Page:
Josh Condie – With the Release Candidate for SQL Server 2012 now available it is now more important than ever that Microsoft effectively communicate the significant licensing changes that are coming with the new release. Below is the best, concise summary that I have seen.
SQL Server 2012 will be released in 3 main editions:
- Enterprise for mission critical applications and large scale data warehousing
- Business Intelligence, a new product edition, providing premium corporate and self-service BI
- Standard for basic database, reporting and analytics capabilities
The main editions are now offered in a consistent, tiered model which creates greater consistency across editions, features and licensing. Enterprise Edition will include all features available in SQL Server 2012. The Business Intelligence Edition will include premium BI features as well as all of the Standard Edition features.
- The Enterprise Edition and the Standard Edition of SQL Server 2012 will both be available under core-based licensing. Core-based licenses will be sold in two-core packs.
- To license a physical server properly, you must license all the cores in the server with a minimum of 4 core licenses required for each physical processor in the server.
- Core licenses will be priced at ¼ the cost of a SQL Server 2008 R2 (EE/SE) processor license.
Server and Client Access License (CAL) Licensing:
- The Business Intelligence and Standard Editions will be available under the Server and Client Access License (CAL) model.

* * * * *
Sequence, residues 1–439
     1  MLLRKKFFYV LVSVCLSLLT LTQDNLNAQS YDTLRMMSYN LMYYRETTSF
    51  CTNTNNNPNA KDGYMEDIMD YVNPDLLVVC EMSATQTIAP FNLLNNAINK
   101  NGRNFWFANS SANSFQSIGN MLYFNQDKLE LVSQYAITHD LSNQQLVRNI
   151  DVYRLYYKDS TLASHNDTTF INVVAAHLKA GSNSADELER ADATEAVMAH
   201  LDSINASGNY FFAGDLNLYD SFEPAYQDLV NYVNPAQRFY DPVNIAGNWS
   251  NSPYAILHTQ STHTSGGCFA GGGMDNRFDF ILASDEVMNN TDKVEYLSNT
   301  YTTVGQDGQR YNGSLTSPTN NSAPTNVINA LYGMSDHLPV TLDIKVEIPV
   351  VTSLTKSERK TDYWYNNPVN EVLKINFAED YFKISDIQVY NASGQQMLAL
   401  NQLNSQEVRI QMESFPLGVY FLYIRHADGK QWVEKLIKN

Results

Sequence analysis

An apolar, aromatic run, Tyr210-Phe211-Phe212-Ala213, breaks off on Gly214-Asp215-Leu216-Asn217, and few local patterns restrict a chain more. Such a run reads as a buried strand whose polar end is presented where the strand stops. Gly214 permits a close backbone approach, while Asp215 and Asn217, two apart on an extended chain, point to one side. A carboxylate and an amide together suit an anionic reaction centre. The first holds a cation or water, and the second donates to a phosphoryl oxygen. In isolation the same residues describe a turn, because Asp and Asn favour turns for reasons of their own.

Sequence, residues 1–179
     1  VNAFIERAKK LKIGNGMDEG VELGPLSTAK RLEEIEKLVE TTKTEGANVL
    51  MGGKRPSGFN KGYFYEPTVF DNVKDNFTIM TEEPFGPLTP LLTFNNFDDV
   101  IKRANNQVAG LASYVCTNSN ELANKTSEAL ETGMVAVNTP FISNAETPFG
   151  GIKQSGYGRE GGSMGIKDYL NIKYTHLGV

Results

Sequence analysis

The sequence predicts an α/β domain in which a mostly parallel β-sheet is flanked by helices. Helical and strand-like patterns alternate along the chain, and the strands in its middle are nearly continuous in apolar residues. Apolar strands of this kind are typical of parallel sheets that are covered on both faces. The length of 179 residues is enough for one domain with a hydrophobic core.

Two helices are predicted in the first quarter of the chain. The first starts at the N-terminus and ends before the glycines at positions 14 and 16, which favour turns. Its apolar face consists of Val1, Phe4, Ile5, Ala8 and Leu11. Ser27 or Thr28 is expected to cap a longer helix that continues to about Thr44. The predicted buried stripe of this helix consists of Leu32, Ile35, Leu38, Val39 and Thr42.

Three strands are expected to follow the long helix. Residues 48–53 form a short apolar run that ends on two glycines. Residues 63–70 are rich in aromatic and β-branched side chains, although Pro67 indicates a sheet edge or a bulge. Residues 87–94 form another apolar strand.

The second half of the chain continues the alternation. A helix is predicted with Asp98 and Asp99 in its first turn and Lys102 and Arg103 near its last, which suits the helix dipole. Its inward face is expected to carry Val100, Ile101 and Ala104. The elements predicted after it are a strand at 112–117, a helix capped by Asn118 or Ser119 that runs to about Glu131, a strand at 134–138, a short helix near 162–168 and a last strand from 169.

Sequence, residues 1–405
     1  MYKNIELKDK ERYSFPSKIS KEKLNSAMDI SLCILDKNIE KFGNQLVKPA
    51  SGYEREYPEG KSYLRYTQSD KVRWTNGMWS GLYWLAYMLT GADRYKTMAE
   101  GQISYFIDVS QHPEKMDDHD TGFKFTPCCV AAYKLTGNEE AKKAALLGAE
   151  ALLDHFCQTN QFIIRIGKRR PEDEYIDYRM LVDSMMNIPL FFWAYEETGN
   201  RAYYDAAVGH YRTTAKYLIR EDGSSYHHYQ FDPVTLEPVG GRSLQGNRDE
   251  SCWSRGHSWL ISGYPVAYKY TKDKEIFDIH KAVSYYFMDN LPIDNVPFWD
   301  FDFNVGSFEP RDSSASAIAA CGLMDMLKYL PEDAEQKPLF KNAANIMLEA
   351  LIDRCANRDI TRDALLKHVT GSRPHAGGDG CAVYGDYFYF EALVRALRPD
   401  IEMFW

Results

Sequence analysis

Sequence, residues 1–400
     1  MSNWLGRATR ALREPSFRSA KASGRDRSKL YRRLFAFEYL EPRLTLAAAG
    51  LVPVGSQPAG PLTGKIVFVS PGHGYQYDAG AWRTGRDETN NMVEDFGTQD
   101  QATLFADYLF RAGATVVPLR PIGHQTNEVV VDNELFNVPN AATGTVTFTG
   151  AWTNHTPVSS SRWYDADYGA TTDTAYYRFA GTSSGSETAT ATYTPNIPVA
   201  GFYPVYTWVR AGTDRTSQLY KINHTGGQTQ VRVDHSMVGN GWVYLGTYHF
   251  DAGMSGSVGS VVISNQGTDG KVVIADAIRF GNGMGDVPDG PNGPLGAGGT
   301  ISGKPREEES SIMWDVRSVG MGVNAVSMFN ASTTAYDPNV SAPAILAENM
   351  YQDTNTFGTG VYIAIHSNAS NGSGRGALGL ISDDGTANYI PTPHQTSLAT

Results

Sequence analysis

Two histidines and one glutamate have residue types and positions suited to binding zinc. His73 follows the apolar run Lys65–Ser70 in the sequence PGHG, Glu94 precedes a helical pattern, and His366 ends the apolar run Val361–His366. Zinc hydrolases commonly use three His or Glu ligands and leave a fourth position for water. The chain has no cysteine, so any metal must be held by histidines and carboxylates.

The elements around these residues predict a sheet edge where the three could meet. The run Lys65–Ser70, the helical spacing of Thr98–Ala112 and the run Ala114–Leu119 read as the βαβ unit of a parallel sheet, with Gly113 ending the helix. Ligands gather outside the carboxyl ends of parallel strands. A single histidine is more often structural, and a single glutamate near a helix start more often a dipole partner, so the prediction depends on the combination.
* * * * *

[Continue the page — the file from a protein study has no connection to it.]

- This licensing model can be used when the number of users can be readily counted (e.g., internal database applications).
- To access a licensed SQL Server, each user must have a SQL Server CAL that is the same version or newer (for example, to access a SQL Server 2008 SE server, a user would need a SQL Server 2008 or 2012 CAL).
- Each SQL Server CAL can provide access to multiple licensed SQL Servers, including the new Business Intelligence Edition as well as
3Standard Edition Servers and legacy Enterprise Edition Servers.
- The SQL Server 2012 CAL price will increase by about 27%.
Individual Virtual Machines
- As server hardware gets more powerful, it will become more common for each database to use just a fraction of its server’s computing power.
- When deploying databases on Virtual Machines (VMs) that use just a fraction of a physical server, savings can be achieved by licensing individual VMs.
- To license a VM with core licenses, customers can simply buy a core license for each virtual core allocated to the virtual machine (minimum of 4 core licenses per VM).
- To license a VM with a server license (for Business Intelligence or Standard only), buy the server license and buy matching SQL Server CALs for each user.
- Each licensed VM that is covered with Software Assurance (SA) can be moved frequently within a server farm or to a third party hoster or cloud services provider without buying additional SQL Server licenses.
- Further savings can be achieved by operating a database server utility or SQL Server private cloud. This is a great option for customers who want to take advantage of the full computing power of their physical servers and have very dynamic provisioning and de-provisioning of virtual resources.
- Customers will be able to deploy an unlimited number of virtual machines on the server and utilize the full capacity of the licensed hardware.
- They can do so by fully licensing the server (or server farm) with Enterprise Edition core licenses and Software Assurance based on the total number of physical cores on the servers. This allows customers the ability to run an unlimited number of virtual machines to handle their dynamic workloads and fully utilize the hardware’s computing power.